Now, incitement to violence is a crime, and if Mr Kimathi did this, then he should indeed be charged and face trial accordingly. Espousing ridiculous opinions without any basis in science, that may be a crime against oneself, general decency and logic, however it is not a crime in the sense of being subject to arrest and trial.

Making a Martyr?

The problem with banning Mr Kimathi like this – without a police investigation and trial, and even before the Human Rights Commission has been able to investigate the matter properly – is that it risks making him, and his ideology, almost a martyr, in the sense of not being accorded due process or proper scrutiny. It actually benefits Mr Kimathi as he can now appeal to his followers about an injustice, and use it to fuel his ravings. It’s easy to spin – the reason I was banned was because I spoke the truth and threatened the White elite who rule Bermuda! Easily done.

A far better approach would be to allow Mr Kimathi’s ideology to be fully scrutinised by the people, to be refuted ideologically, to be confronted with peaceful demonstration to say that his ideology, what he represents, is not supported by the majority of our people. Those who are partial to his ideology could exchange arguments and, potentially, be convinced otherwise. That’s how to defeat Mr Kimanthi’s ideology and appeal.

Instead, now he can wear his ban as a badge of honour, as the mark of a martyr.

And those on island who support his hateful ideology may well go underground, where the ideology cannot be challenged, where it can only harden and find itself – potentially – in violent expression. This form of authoritatian reaction is a perfect incubator for extremism; it is a recipe for it finding fertile ground in those in our society who feel lost, alienated and resentful.

Setback for Race Relations?

One particular victim of Mr Kimathi and Minister Fahy’s reaction is that it has very much set back what was left of reasonable discussion concerning structural racism in Bermuda.

The topic that Mr Kimathi’s speech was advertised about, of the need for better education and understanding of African history and contribution to our society, is one that we need. The Ashay programme, now aborted, was an attempt to provide just this, as a complement to the dominant European narrative in our society.

However due to Mr Kimathi’s hateful ideology, one that I think can only be characterised as a particularly perverse form of Black supremacism (as opposed to Black Power), all talk of such an initiative is derailed. Heck, any talk of really confronting structural racism in Bermuda as a whole is likely derailed, at least set back. It will be all too easy for those opposed (for whatever reason) to such a frank discussion to frame it in terms of Mr Kimathi’s arguments, and use this as an excuse not to engage.

Incitement to Violence

To me, the only limit that should be placed on free speech is that of incitement to violence.

Anything else, as abhorrent as they may be, deserves simply to be derided and challenged with alternative argument, or met by peaceful demonstration (or both). Or even simply ignored and let to peter out as an absurdity clear to all.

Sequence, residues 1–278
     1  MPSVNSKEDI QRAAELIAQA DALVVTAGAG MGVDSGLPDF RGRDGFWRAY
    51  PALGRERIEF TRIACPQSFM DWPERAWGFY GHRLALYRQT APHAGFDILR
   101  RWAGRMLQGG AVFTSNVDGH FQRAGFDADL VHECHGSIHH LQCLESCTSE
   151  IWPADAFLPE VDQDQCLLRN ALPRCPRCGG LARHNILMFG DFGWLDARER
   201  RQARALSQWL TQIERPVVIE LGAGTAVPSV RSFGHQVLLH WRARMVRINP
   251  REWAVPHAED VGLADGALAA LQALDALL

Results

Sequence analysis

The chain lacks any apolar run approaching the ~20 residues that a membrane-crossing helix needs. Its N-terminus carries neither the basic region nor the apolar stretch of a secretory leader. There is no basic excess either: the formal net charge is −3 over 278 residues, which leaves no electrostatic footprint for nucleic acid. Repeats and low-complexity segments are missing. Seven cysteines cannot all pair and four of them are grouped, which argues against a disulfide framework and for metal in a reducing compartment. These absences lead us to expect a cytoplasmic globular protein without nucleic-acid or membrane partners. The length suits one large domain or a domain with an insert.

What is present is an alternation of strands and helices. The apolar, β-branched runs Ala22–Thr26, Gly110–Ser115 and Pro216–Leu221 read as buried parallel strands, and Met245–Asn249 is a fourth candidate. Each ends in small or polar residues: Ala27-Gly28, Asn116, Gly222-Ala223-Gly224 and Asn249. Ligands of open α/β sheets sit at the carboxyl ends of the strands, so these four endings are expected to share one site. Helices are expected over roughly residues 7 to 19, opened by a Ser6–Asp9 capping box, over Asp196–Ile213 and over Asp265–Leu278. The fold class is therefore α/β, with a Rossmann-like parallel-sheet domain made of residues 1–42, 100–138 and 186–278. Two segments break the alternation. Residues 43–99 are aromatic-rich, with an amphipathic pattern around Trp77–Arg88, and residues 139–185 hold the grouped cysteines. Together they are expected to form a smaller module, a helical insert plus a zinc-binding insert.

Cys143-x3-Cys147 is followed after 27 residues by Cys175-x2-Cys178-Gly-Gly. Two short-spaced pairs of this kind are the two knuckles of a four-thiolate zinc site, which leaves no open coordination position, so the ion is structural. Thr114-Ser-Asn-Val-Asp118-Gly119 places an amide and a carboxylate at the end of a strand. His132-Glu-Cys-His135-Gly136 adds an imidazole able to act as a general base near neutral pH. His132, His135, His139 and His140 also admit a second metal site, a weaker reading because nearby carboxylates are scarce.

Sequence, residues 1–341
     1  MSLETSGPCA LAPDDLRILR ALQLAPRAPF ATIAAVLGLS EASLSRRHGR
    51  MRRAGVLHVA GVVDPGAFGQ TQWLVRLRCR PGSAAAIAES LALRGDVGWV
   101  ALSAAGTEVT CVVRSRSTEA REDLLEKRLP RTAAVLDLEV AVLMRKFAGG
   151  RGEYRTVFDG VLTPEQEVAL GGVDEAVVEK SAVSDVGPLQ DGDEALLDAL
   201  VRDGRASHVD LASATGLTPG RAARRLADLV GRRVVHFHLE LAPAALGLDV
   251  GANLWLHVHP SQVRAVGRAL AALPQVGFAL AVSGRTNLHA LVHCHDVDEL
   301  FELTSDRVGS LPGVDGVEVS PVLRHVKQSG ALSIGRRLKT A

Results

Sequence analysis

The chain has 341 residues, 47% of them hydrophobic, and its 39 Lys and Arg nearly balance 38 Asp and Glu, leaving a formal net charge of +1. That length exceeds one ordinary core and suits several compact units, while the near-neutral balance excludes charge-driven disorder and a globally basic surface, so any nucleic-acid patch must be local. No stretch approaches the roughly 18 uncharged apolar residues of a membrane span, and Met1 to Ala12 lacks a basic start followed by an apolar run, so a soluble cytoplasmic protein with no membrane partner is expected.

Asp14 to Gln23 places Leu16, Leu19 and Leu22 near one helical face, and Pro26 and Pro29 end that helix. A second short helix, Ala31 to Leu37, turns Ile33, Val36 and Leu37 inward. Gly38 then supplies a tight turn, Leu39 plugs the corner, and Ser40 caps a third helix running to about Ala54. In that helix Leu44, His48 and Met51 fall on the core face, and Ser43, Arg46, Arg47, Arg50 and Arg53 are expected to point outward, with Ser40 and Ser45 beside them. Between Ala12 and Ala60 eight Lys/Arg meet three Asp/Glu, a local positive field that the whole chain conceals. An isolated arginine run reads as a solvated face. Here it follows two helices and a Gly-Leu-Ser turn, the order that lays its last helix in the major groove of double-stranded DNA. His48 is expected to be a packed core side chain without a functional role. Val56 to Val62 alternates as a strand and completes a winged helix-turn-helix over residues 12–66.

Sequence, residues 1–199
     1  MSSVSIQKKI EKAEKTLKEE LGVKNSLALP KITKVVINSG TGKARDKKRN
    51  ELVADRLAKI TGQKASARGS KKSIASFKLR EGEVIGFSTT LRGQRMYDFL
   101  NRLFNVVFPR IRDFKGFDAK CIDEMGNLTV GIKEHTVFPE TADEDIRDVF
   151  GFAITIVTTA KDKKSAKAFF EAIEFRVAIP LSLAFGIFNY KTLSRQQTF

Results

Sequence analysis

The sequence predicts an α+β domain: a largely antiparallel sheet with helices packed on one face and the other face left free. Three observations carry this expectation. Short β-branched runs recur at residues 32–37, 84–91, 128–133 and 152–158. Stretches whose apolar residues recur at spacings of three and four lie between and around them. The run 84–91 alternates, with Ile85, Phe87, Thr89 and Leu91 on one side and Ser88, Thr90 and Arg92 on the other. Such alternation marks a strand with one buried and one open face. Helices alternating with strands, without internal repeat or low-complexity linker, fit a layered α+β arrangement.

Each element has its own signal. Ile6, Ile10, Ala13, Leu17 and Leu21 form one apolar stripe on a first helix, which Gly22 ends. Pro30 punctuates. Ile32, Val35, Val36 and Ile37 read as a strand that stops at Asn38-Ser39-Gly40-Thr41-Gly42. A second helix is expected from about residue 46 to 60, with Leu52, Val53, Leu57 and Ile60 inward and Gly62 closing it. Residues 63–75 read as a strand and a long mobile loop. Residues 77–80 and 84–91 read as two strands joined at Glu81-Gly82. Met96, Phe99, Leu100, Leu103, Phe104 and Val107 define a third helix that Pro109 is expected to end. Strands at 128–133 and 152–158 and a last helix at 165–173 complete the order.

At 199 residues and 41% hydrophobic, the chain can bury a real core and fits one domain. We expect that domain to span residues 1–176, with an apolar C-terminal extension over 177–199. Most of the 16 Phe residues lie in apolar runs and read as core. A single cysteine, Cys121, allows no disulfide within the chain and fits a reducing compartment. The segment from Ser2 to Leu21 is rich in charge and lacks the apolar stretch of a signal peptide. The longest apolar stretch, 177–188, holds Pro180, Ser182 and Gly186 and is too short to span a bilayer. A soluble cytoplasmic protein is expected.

The use of a stop list is a slippery slope and one that I think we all need to be concerned about.

I am not convinced – at all – that it was an appropriate reaction. At the very least, the decision should only have followed the Human Rights Commission report on Mr Kimathi’s actions on island.

A stop list is open to abuse, to stifling debate and reducing the diversity of thought that should be the oxygen of any democracy.

My thinking is that an ideologue should only be subject to a stop list if – and only if – they have been convicted of inciting violence. After being convicted of this, and paying either the fine or serving time in prison, or some sort of restorative justice, they can be denied further entry on this basis. And that basis alone, regardless of how disgusting I find the individuals ideology.

Return to Reasoned Conversation Needed

What we do need, and desperately, is a return to a frank conversation about structural racism in Bermuda – its causes, its consequences, possible steps to end it (of which a frank conversation is but an important first step). A better appreciation of the role of African history and culture in our collective history has a key role to play here too.

Quite frankly, we either do this properly or we leave a vacuum to be filled by pseudo-scientific and hate-filled ravings like those peddled by Mr Kimanthi.

***For avoidance of doubt, I don’t think this action was taken lightly by the Government, and I don’t think there was any conspiracy about it, although I can understand why some on social media are articulating it as such. I think the Government has acted in good faith here, trying to do the right thing. The issue of free speech and hate speech is a very complex and difficult one, one that is emotive and I don’t think there’s any one right answer. I just think that the litmus test should be incitement to violence, where the alleged incitee is provided with due process. That’s my belief, and I think it’s a reasonable one, although I certainly understand the passions that Mr Kimathi’s speech (and history) have riled. To me, a strong democracy must take great care on matters of freedom of speech, and dealing with our structural race problems are key to the long-term sustainability of our society and democracy.***